Those against lifting economic sanctions on Iran in exchange for a suspension of its military nuclear program often draw false comparisons between the Lausanne framework deal and the Munich Agreement of 1938. For them, an even more apt comparison would be the 1919 Versailles conference at the end of World War I.
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Then too, a U.S. president from the Democratic Party scored an important foreign-policy achievement a year before the end of his second term, but was met with hostility from a Republican leader. Senator Henry Cabot Lodge, an early incarnation of House Speaker John Boehner and his Senate counterparts, insisted in vain that the German surrender be unconditional; in retaliation he deprived President Woodrow Wilson of a ratification of the Treaty of Versailles.
This also foiled U.S. membership in the League of Nations, which was created without the power to enforce a stable world order. American isolationism in the dozen years of Republican presidents who succeeded Wilson contributed to a crisis that escalated into World War II. Because of Lodge and his ilk, the Americans weren’t with the British and French across the table from the Germans in Munich and during the first two years of World War II.
Nowadays, so as not to anger Russian President Vladimir Putin, Prime Minister Benjamin Netanyahu fails to mention the 1939 Molotov-Ribbentrop Pact, named after the Soviet and German foreign ministers whose institutional successors were in Lausanne this month.
The White House was also controlled by Republicans when Israel acted against the Iraqi nuclear reactor in 1981 and against the Syrian nuclear facility in 2007, but any thoughts about a common denominator are wrong. American action (with Ronald Reagan’s light punishment in 1981 and George W. Bush’s approval and coordination in 2007) stood between Israel and international condemnation. The Iranian case is entirely different.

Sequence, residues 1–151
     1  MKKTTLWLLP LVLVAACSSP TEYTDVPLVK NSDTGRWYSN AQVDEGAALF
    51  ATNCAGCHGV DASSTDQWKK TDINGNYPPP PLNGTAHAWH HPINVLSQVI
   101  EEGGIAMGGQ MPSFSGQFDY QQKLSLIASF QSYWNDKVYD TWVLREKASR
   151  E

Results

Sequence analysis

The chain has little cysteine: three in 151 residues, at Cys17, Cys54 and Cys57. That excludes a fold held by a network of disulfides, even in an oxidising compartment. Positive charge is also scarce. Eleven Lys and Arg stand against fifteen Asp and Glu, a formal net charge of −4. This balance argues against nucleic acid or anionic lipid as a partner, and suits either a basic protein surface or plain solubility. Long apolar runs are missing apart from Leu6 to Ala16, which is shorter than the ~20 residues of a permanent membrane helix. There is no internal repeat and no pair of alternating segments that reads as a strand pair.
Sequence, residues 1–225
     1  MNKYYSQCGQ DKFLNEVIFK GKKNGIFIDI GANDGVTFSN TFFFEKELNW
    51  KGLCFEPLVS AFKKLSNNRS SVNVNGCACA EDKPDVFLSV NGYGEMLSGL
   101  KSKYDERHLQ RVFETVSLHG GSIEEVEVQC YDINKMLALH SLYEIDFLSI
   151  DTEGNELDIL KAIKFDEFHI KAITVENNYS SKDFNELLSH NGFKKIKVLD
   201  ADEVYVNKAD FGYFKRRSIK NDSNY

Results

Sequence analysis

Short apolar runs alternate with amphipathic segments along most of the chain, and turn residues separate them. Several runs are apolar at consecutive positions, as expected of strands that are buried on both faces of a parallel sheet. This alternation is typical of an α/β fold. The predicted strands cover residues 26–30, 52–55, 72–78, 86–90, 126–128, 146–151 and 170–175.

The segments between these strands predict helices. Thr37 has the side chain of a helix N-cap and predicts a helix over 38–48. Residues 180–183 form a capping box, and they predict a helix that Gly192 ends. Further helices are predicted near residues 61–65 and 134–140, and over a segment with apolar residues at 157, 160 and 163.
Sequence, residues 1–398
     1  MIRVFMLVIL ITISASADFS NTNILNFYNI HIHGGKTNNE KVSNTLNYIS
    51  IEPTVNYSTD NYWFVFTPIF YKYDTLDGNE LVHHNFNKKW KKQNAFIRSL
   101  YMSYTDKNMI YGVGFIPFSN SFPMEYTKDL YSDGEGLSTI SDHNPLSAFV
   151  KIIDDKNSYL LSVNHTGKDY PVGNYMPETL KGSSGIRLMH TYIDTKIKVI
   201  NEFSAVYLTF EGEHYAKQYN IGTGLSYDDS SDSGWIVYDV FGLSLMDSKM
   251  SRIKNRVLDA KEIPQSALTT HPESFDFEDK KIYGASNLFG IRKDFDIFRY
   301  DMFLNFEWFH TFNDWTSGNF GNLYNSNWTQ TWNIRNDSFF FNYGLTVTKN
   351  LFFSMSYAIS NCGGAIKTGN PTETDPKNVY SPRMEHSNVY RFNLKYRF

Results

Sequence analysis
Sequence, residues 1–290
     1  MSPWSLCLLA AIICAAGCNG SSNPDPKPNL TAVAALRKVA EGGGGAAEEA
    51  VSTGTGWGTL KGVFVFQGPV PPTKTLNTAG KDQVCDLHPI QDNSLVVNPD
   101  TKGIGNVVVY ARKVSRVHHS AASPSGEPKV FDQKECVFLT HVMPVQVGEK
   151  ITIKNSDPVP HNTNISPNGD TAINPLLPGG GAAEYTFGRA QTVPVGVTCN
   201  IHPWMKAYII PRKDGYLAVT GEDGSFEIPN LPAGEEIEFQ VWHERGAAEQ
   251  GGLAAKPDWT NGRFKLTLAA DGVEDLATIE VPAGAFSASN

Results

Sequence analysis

Totally mistaken is the Republicans’ Americentrict assumption — led by Netanyahu — that everything will rise and fall based on what's decided in Washington. Putin already chided Barack Obama in the summer of 2013 as the Americans, enamored with themselves, thought they had no match anywhere in the world. That was when the two agreed that Syria should be rid of its chemical weapons — the prelude to the framework agreement with Iran.
The parties that will be running the world for the foreseeable future are the ones that carried out the contacts with Iran: the five permanent members of the UN Security Council and Germany. The nave idea that Congress’ Republican majority can dictate the P5+1 powers’ actions could be disastrous. If Obama had acceded to his critics and changed the Americans’ conditions, Russia, China and the three Western European powers would have lifted economic sanctions on Iran based on the current formula to be fleshed out by the beginning of July.
The ability to come to a P5+1 consensus, despite the major dispute with Russia over its Ukraine policy and the growing tensions with China over its spreading influence in the Pacific, is no less impressive than the agreement between the six and Iran. But it’s just as fragile.
And that same group faces Israel and the Palestinians in the Middle East Quartet — the Americans, the Russians, the United Nations and the European Union. That’s the grouping that can dictate conditions to Hamas in the Gaza Strip. It can also coordinate a position against Israel if Israel is foolish enough to take action against Iran on its own and without clear justification during the life of the nuclear deal.
Obama has hinted that he intends to challenge Congress, which so loves Israel, with an expanded military assistance package over time. He may even float the draft of a treaty that would commit to protect Israel against Iranian attack, similar to the mutual-defense provisions in NATO.
So let a message go out to members of Congress who so abhor sending troops abroad and who have cut the Pentagon budget so much that the top brass says America’s military preparedness has been impaired. Let them be so kind as to not only increase allocations to Israel but also to guarantee that the United States will come to Israel’s aid in combat, without providing a future president or Congress flexibility.